Tuneful with Polished Musicality; this is quite an intriguing album. Originally released in the UK last year, 2017 it finds it’s North American release here in mid-2018. Musically Zeelley Moon falls in the Art-Rock or Melodic Progressive Rock category and displays a style of music that has much in common with that of Supertramp and Barclay James Harvest. In fact listening to a track like “Tricks and Tragedy” [5:52] you might be forgiven for thinking this is a long-lost Supertramp album. And I mean that in a good way. Fact is it’s the up-front piano that makes that a thing. The ten compositions here clock in at fifty-three minutes with the bulk of the songs in that three to five minute range with a couple longer ones at seven and eight minutes. As I say, the piano plays a major part in the Zeelley Moon sound carving out some wonderfully melodic tunes. And that’s the key to this band: they craft some very hummable, very catchy passages all the while injecting some very skilled musicianship. Themes come and go, never overstaying their welcome, returning just enough to be satisfying and keep you wanting. Fans of the bands mentioned above will find much to appreciate with the music of Zeelley Moon. Its tuneful music with a lot of musicality layered throughout. I found myself enjoying it more and more with each listen. Check it out, you just might find yourself tapping your toes uncontrollably.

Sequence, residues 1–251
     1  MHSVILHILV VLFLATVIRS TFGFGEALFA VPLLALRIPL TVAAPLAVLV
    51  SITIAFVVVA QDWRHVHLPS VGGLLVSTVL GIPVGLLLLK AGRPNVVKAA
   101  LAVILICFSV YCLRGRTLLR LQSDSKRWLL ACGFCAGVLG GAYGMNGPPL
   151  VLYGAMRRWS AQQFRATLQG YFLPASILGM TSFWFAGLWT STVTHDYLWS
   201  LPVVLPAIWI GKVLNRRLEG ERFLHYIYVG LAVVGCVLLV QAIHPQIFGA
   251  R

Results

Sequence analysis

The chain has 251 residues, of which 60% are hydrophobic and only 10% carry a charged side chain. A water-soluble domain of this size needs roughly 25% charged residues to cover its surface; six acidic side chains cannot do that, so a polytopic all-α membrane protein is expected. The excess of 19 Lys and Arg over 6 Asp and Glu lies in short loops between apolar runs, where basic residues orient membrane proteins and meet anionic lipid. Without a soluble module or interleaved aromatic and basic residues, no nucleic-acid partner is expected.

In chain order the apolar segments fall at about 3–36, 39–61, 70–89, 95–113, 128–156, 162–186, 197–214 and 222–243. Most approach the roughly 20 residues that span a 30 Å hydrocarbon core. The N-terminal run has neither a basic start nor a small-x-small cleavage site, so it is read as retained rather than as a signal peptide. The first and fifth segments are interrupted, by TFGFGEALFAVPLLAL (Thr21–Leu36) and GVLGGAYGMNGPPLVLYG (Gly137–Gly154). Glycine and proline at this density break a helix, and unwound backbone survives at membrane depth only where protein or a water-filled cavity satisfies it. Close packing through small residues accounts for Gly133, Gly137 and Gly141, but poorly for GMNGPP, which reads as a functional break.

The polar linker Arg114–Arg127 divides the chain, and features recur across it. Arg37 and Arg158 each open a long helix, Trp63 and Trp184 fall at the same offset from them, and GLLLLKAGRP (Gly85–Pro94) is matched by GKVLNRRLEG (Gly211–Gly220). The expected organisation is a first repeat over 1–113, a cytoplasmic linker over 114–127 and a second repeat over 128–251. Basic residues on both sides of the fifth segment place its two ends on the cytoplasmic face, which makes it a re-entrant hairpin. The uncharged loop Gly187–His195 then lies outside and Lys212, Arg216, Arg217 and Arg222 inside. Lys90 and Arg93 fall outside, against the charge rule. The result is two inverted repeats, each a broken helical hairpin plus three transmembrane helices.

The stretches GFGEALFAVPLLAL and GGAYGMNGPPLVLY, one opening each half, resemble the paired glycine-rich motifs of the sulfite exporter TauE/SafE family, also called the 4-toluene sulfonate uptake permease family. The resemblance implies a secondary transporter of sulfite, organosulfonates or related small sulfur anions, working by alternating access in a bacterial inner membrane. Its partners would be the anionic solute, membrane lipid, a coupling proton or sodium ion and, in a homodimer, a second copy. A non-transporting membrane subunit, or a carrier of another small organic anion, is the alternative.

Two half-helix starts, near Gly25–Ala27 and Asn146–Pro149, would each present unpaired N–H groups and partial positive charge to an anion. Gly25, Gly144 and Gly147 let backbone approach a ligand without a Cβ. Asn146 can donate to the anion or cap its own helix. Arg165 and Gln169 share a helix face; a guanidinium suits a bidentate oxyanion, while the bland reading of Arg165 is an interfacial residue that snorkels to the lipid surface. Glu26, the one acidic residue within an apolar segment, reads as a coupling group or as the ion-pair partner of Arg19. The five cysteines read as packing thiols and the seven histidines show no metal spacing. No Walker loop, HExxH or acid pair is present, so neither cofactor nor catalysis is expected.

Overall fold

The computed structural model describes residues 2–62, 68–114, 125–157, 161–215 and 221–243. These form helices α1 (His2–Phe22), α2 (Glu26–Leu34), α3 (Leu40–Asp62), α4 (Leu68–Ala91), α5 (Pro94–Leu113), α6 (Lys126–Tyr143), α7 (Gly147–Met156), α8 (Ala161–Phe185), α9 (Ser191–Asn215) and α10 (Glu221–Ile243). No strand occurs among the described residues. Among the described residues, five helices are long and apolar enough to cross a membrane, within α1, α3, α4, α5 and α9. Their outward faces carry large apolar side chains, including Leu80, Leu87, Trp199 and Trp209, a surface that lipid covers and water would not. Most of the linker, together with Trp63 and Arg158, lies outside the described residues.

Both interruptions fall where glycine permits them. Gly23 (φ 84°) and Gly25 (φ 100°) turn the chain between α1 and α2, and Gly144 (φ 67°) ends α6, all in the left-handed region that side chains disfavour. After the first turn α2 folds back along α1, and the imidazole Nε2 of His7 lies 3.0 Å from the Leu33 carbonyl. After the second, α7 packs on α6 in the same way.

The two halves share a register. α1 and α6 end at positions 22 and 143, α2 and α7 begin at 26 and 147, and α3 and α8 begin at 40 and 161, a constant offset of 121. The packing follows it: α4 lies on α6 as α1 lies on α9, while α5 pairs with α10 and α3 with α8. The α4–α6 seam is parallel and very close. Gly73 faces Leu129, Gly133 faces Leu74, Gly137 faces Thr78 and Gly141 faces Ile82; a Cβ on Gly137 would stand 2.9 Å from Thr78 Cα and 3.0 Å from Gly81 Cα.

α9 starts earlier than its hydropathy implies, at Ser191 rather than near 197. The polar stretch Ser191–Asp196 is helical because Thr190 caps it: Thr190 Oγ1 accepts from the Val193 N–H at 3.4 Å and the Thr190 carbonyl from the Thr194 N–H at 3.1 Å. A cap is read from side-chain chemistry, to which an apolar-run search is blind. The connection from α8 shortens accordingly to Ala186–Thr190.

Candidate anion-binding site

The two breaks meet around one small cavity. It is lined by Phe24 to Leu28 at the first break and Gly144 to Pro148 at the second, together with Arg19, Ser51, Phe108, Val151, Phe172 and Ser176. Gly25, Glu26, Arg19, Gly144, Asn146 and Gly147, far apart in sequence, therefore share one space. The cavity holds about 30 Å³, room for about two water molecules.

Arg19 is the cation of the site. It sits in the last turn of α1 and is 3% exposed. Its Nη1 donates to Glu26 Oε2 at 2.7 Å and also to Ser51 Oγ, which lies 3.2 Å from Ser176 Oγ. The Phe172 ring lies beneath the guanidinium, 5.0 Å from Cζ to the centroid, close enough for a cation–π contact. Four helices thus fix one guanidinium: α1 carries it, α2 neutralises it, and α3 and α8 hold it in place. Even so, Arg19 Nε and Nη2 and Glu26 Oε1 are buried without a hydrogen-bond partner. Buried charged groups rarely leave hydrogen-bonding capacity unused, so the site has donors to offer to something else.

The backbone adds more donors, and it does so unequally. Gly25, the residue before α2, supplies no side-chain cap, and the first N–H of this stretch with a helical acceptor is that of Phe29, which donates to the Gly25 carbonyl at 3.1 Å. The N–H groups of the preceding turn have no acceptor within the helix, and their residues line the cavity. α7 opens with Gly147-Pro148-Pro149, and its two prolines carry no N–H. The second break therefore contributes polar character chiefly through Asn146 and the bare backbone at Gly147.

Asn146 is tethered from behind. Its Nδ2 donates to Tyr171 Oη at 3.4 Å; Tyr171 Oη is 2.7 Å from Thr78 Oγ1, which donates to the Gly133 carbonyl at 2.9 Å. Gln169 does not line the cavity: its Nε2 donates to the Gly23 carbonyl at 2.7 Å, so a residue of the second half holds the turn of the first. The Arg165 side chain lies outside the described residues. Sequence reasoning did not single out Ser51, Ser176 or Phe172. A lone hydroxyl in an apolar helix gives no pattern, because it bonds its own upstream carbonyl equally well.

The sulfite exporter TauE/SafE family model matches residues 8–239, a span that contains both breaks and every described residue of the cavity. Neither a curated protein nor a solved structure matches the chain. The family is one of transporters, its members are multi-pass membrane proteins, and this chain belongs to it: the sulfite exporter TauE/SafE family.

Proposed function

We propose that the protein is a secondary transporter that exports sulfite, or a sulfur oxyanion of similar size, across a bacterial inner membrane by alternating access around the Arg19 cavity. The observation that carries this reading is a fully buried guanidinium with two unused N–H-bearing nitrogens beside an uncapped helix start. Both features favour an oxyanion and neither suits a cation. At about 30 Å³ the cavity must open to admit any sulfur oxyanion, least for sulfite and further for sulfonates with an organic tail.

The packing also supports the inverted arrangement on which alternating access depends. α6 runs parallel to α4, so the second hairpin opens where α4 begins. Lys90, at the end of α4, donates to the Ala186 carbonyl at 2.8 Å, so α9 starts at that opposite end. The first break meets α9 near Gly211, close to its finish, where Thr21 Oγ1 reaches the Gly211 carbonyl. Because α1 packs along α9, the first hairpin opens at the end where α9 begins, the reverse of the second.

Despite feeling distinctly old today, I’m probably too young to remember the time when this kind of music was in vogue, and perhaps Zeelley Moon – Pat Molesworth and friends – are too, so this self-titled album may best be viewed as an affectionate tip of the modern day hat to the more indulgent ways of yesterday’s soft rock scene.

However, as the many rock revival festivals of today testify, there is still a market for this kind of music and it is to the credit of all concerned that this album is both easy on the ear and remarkably free of the clichés and irony that is usually the consequence of awaking the past from its slumbers.

The songs on this album seem, on the surface at least, casual affairs yet it is clear that, underneath it all, an appreciation of melody and depth drives things forever forward and even the longer songs, such as “Out of the Blue” at no less than 8 minutes, manage to avoid outstaying their welcome and retain our interest.